A film review by Craig J. Koban
2007, R, 127mins.
2007, R, 127mins.
David Drayton: Thomas Jane / Mrs. Carmody: Marcia Gay Harden /
Amanda: Laurie Holden / Brent: Andre Braugher / Ollie:
Toby Jones / Jim Grondin: William Sadler
To be fair to director Frank Darabont, I absolutely loved everything about THE MIST...that did not involve slimy and hideous monsters chasing and eating people.
When the film focuses more on the character dynamics, it is thoroughly absorbing, tense, and scary. However, when the creatures start showing up in endless supply and attack their human prey, I found THE MIST to be a rag-tag conglomeration of tired and regurgitated horror movie conventions and clichťs. Thatís too bad, because there are really compelling issues and themes at the heart of this film, but its problem is that they are interrupted and punctuated by repetitive gore and mayhem.
The issues that plague THE MIST did not typify Darabontís last few films. I guess this is why I expected more out of the director than a cheap, manipulative monster movie. His three previous films, THE SHAWSHANK REDEMPTION, THE GREEN MILE (both based on Stephen King works) and the terribly, terribly underrated THE MAJESTIC, worked because of Darabontís investment in the personas and relationships. THE MIST is based on a King novella, so I suppose you are to expect a level of macabre intrigue, but SHAWSHANK and THE GREEN MILE were also appropriated from King and were involving on a dramatic level. Lesser directors would have picked the more obvious horror novels from King to film, but Darabontís choice of adapting some of his more atypical works is kind of novel. I think that this is what separated Darabontís King adaptations from the smorgasbord of others.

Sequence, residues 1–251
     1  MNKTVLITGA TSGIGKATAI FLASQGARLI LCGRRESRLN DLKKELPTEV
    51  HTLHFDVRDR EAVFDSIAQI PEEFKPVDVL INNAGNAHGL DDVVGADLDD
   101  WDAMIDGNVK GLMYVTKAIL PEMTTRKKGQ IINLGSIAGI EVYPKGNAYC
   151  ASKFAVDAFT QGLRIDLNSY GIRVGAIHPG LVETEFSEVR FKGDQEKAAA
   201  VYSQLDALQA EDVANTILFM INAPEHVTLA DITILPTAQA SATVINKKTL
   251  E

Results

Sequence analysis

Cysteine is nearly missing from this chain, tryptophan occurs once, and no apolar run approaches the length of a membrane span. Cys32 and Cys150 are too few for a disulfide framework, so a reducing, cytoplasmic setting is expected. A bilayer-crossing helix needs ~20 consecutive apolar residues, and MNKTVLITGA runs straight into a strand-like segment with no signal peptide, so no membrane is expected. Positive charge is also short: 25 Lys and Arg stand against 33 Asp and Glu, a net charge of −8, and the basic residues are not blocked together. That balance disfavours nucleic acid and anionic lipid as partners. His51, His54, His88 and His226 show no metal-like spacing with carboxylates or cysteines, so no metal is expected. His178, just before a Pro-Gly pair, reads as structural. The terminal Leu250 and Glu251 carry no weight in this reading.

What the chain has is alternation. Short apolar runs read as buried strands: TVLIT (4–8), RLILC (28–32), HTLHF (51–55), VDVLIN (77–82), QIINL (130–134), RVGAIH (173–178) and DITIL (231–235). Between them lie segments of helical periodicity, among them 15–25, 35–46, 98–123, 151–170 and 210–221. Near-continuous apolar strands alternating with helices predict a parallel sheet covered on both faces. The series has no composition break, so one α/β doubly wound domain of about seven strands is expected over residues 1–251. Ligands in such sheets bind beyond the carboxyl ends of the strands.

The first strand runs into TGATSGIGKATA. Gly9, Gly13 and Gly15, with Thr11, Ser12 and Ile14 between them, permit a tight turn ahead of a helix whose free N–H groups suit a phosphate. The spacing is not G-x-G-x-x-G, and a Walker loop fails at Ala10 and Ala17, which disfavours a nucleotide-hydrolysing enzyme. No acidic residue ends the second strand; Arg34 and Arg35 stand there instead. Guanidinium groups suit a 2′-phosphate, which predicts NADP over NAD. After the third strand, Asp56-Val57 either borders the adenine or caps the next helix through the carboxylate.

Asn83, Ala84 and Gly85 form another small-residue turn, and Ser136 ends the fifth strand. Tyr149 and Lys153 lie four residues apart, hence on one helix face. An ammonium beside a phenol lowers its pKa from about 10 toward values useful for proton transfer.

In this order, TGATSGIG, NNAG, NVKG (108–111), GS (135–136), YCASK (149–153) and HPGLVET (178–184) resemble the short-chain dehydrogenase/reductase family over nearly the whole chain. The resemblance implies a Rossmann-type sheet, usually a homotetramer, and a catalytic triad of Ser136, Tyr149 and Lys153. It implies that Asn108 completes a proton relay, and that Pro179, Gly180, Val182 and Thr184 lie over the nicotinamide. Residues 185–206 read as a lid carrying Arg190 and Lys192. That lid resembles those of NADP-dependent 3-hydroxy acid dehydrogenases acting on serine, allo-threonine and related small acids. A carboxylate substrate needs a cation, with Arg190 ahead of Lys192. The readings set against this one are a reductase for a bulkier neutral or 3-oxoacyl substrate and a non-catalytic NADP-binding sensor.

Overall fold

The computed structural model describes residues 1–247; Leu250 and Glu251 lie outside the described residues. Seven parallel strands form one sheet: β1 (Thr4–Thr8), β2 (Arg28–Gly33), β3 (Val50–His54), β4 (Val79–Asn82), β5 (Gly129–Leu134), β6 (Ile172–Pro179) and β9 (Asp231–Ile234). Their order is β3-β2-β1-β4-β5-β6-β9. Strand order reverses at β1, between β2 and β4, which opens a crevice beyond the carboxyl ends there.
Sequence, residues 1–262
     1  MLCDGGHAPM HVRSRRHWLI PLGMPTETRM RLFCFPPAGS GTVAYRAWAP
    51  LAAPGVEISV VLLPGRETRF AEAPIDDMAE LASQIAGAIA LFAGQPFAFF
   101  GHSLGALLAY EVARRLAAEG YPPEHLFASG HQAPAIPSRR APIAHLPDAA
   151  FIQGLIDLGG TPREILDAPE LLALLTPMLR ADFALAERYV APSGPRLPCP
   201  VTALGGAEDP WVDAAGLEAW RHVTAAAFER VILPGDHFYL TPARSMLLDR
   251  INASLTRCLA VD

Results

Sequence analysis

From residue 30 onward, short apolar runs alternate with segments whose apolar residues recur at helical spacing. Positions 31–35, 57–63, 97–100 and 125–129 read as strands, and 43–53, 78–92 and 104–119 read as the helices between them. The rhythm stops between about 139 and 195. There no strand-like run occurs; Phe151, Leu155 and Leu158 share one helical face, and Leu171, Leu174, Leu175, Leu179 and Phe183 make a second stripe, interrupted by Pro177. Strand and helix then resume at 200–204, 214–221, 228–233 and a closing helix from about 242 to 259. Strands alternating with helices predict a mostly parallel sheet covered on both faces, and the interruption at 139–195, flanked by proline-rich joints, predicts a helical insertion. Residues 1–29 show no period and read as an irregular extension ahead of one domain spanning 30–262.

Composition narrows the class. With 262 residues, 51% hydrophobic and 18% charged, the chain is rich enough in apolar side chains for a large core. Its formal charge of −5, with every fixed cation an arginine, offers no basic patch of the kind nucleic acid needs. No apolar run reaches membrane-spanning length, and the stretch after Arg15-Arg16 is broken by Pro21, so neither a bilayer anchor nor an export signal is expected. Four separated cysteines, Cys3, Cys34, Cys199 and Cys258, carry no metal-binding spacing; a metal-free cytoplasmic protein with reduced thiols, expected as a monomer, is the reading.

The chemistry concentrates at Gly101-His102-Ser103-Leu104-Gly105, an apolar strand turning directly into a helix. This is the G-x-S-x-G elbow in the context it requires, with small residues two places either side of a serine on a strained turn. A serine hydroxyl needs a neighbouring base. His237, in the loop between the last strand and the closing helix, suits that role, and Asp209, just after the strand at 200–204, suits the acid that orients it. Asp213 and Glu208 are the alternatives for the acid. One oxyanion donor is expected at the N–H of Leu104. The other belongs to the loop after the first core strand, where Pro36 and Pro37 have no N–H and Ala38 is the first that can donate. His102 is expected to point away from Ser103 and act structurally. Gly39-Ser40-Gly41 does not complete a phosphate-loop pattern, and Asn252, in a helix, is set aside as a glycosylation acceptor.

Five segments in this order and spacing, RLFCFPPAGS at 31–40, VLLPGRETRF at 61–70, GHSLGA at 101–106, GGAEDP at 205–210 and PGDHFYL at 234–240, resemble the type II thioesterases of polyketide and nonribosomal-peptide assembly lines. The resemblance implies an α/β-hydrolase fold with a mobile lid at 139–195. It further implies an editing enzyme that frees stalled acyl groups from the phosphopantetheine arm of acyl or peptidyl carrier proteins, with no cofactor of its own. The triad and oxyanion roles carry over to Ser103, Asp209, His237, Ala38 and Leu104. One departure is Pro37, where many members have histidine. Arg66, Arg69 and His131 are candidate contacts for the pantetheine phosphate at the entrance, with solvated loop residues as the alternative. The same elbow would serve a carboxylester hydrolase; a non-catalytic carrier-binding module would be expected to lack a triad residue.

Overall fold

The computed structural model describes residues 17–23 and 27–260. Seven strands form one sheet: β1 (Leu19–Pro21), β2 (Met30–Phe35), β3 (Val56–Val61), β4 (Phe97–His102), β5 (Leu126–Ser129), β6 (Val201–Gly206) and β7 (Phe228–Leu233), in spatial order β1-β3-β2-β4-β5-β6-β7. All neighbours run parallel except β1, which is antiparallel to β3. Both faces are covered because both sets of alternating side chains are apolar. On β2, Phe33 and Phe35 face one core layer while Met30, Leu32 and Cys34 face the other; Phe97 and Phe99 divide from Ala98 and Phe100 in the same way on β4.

THE MIST, alas, feels like a lot of those "others." On some levels this is a horror film that at least rises above the level of the nauseating "torture porn" genre that seems so disturbingly prevalent today (Darabont has the foresight to see that good characters and themes can help propel a good horror yarn). Also, the film is always intriguing for the buried socio-political themes it embraces. As a product of a post-911 world where we have been breed to live in fear from a largely unseen enemy, THE MIST is a rare genre film that understands and nurtures this mentality. The central element of the film is fear and fear of the unknown, which drives its divergent characters to behave in ways never before reached. Like good classic horror films, THE MIST is a decent, subversive parable about our current times.